Social Medicine and Advocacy Residency Training = SMART



The ability to skillfully address patients’ medical and social needs is critical to improving health outcomes. The goals of establishing this specific track with a focus on the social determinants of health is to support family medicine physicians to excel as community health leaders through commitment to social justice and community service.



“The AAFP supports the assertion that physicians need to know how to identify and address social determinants of health in order to be successful in promoting good health outcomes for individuals and populations…Physicians in training must develop awareness of the potential obstacles patients confront when following treatment plans.”


Residents in this training track learn how to screen for challenging social issues that impact health and healthcare access.Trainees work closely with experienced social services personnel to learn about resources in the community to help address these problems once they are identified.



Medical Students

A start-up goal of SMART is to graduate two residents annually through the program starting in 2019. To reach that midstream goal, we will be enrolling two second-year residents in 2017 and continue to bring in two dedicated residents each year. This requires an upstream conduit of medical students with an interest in social medicine and in serving vulnerable populations and will include local University of Kansas medical students.

The JayDoc Free Clinic is a medical student run free clinic operating out of the Family Health Care site three evenings each week. Student interest in social medicine at the University of Kansas is high. Eighty to ninety percent of the medical student body volunteer their evenings at JayDoc. Almost every year for the past thirteen years, the three executive directors have not only chosen a primary care specialty, but have chosen placements in residencies with a focus on social medicine. (There are only a handful in the country.) Four (about 1/10th) have returned to the Kansas City area, but about half of residents who attend a residency with an emphasis in social medicine go on to work in charity health care and about half of residents stay to work in the area near their residency training site. The downstream goal is to develop providers with a strong interest in continuing service to the vulnerable populations in our community.


Family Medicine Green Team

Family Medicine Orange Team

Dr. Tina Garcia

Dr. Turner Fishpaw 

Dr. Sofia Ligard

Dr. Rommel Asagwara 



Schedule of weekly topics, faculty-

 Wednesday post-CORE 4:00-4:30 PM 




Social Medicine and Advocacy Residency Training Program

This clinic site will develop into a training program that will include educational, clinical, and research activities added to regular Family Medicine curriculum. The goals of establishing this future program with a focus on the social determinants of health is to support family medicine physicians to excel as community health leaders through commitment to social justice and community service and to:

  • Develop an abiding interest in the identification and analysis of social and environmental factors that influence health in the communities served.

  • Formulate plans to mitigate the effects of social determinants of health through utilization and development of community resources.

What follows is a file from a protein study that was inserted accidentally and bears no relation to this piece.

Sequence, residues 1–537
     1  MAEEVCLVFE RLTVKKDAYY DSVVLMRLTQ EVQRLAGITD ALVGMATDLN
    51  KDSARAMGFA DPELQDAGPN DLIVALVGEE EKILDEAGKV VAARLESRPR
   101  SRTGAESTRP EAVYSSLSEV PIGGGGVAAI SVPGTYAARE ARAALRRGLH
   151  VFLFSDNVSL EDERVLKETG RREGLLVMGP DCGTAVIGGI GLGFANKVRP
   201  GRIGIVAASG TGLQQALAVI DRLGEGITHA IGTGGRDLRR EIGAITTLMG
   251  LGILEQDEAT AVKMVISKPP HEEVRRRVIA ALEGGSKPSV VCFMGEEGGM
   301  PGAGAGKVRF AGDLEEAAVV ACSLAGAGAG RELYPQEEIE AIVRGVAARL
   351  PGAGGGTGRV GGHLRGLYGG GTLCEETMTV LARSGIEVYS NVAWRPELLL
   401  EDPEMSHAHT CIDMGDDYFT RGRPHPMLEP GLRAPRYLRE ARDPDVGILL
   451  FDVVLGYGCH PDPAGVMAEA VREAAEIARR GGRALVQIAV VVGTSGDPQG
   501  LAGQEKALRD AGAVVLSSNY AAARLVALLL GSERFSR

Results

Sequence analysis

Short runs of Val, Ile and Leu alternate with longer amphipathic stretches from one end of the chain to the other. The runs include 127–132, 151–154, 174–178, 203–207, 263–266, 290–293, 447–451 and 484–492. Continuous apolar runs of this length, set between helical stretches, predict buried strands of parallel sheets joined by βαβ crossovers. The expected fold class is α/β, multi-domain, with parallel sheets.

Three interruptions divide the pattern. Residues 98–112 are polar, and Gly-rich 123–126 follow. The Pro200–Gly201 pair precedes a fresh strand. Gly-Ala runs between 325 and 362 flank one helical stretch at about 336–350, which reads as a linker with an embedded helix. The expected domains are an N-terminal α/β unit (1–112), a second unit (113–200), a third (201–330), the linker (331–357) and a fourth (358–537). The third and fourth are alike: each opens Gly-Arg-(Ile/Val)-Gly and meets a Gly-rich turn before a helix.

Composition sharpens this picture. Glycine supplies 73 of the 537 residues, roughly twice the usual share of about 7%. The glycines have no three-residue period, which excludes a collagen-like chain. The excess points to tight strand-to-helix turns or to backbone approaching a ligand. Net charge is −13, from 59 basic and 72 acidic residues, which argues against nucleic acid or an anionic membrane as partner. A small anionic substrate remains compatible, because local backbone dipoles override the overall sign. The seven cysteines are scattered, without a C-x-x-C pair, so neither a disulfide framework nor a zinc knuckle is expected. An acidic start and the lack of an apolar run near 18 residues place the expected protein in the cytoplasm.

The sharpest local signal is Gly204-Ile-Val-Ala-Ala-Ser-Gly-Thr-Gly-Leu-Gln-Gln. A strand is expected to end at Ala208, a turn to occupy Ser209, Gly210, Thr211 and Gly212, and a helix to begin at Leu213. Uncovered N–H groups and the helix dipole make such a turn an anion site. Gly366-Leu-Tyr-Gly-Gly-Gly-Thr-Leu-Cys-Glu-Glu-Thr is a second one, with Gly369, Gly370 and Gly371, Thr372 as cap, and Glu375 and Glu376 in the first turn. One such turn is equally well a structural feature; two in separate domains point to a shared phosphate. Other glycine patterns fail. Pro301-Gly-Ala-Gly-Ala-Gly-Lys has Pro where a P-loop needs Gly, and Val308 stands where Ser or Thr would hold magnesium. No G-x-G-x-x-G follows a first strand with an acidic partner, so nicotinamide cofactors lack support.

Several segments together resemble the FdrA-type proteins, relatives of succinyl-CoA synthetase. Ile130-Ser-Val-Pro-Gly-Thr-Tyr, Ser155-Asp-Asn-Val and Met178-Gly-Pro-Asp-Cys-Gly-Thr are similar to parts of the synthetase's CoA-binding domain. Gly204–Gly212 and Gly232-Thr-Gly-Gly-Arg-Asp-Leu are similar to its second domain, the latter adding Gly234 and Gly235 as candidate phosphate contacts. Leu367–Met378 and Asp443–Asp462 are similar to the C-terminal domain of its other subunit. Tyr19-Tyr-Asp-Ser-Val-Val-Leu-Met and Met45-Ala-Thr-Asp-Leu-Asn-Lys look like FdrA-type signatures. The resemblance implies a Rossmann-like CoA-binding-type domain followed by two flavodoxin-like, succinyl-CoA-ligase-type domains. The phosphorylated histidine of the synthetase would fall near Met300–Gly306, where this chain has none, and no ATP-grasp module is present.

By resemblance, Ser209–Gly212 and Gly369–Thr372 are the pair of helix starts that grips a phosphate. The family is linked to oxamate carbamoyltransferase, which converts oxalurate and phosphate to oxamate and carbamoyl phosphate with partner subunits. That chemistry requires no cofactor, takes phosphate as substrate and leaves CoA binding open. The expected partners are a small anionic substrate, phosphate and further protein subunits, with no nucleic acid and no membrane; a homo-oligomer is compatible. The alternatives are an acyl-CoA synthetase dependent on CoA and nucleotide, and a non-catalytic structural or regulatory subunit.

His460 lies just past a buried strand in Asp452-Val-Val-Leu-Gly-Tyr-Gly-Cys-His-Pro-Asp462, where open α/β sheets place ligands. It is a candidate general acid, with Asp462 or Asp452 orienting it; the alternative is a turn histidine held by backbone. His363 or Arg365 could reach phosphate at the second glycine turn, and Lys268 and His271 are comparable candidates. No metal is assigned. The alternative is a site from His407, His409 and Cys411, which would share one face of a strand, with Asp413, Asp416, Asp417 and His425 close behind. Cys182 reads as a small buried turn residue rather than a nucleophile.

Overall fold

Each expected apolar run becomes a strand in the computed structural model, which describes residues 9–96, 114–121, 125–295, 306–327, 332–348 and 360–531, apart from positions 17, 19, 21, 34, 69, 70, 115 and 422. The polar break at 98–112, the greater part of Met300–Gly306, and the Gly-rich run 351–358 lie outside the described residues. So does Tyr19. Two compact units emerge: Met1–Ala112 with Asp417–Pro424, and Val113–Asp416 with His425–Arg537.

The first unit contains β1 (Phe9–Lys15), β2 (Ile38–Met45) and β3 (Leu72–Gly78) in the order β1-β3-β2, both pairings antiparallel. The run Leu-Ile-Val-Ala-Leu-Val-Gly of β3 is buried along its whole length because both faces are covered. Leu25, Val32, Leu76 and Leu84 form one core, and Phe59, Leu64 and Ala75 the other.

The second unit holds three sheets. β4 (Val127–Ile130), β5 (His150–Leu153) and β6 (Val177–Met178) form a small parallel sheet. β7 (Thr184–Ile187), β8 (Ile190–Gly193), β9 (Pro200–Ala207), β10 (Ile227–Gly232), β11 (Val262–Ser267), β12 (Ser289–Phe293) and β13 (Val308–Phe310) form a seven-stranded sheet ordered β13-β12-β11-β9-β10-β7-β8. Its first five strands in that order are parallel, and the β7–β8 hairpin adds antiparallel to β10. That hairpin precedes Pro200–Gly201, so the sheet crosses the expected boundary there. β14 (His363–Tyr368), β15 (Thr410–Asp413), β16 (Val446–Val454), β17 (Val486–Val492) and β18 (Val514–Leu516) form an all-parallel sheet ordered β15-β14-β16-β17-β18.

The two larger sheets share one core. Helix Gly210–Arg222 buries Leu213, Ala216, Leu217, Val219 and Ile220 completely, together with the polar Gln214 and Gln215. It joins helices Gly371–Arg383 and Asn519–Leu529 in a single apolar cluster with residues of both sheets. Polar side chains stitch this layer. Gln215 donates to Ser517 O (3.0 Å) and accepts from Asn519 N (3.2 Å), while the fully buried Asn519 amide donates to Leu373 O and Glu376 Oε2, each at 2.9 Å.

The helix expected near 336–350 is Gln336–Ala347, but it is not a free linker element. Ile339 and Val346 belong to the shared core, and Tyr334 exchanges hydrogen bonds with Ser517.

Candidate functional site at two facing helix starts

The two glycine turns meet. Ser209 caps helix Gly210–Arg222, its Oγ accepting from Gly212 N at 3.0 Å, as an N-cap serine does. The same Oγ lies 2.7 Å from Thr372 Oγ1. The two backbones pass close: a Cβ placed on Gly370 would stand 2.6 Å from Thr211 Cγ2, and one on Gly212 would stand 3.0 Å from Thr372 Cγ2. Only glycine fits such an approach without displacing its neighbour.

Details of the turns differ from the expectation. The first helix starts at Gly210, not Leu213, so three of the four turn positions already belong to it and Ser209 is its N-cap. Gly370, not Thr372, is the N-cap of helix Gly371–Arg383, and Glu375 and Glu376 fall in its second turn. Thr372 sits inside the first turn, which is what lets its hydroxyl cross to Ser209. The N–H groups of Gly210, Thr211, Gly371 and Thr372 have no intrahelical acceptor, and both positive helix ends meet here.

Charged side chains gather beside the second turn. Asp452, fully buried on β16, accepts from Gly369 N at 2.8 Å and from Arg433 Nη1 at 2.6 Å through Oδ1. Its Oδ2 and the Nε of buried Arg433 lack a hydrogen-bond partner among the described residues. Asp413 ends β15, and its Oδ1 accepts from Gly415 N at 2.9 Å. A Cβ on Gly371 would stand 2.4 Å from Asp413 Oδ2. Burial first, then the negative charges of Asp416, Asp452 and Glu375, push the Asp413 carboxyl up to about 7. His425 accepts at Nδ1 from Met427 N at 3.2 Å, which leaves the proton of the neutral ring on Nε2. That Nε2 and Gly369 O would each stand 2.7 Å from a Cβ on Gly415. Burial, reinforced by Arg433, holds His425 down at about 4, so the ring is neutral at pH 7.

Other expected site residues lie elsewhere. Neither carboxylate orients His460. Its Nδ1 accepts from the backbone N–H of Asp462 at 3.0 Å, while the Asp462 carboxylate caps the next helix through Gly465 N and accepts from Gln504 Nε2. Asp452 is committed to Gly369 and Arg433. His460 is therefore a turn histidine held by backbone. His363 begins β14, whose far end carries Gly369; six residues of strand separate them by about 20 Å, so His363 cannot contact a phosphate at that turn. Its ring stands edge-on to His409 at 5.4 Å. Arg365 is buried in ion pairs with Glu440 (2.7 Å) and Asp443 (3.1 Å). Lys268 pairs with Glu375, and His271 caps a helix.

• Employ strategies to act through advocacy as well as direct services to improve the health of the families and communities served.

  • Initiate and support change of policies, regulations, legislation and other assessed barriers to improve the health of the public.

  • Apply innovative and evidence-based practices in the service of the health of the community.

    Educational Component

  • A weekly didactic/discussion session for SMART residents focuses on pertinent topics.

  • Participation in regular educational activities includes weekly Wednesday afternoon required family medicine residency Core didactic and interactive workshops. (SMART residents present topics on social determinants of health at CORE twice annually.)

Clinical Component

  • Clinical experience includes 4 clinic sessions weekly in the community care clinic (Family Health Care) by the third year.

  • Clinical experience includes work with medical students in the JayDoc Free Clinic, a medical student run clinic which operates three nights a week at Family Health Care’s clinic site.

Research Component

  • A clinical or community research project is completed by the SMART group and presented at the Research Forum at the end of the second year. Faculty mentors assist residents with hypothesis generation, literature searches, project design, the iterative Human Subjects Committee approval process, and project implementation (including survey design, data collection and analysis, etc.).

Special Curriculum Topics:

  • Social vulnerability index determination.

  • Understanding social determinants of health and impact on the health of individuals and of the community:

    • employment and poverty

    • food insecurity

    • substance abuse

    • homelessness and unhealthy housing and environment

    • domestic and community violence

    • literacy, education and school expulsions

    • homosexual and transgender

    • race, ethnicity and language

    • transportation.

  • Overview of Public Health systems.

  •   Health care payment systems including Medicare and Medicaid and 2010 health care reform.

  •   Behavioral health needs.


Public Health Block

Experiential training includes work at food kitchens, homeless shelters, homeless encampments, school-based clinics, the public health department and other community resources sites.


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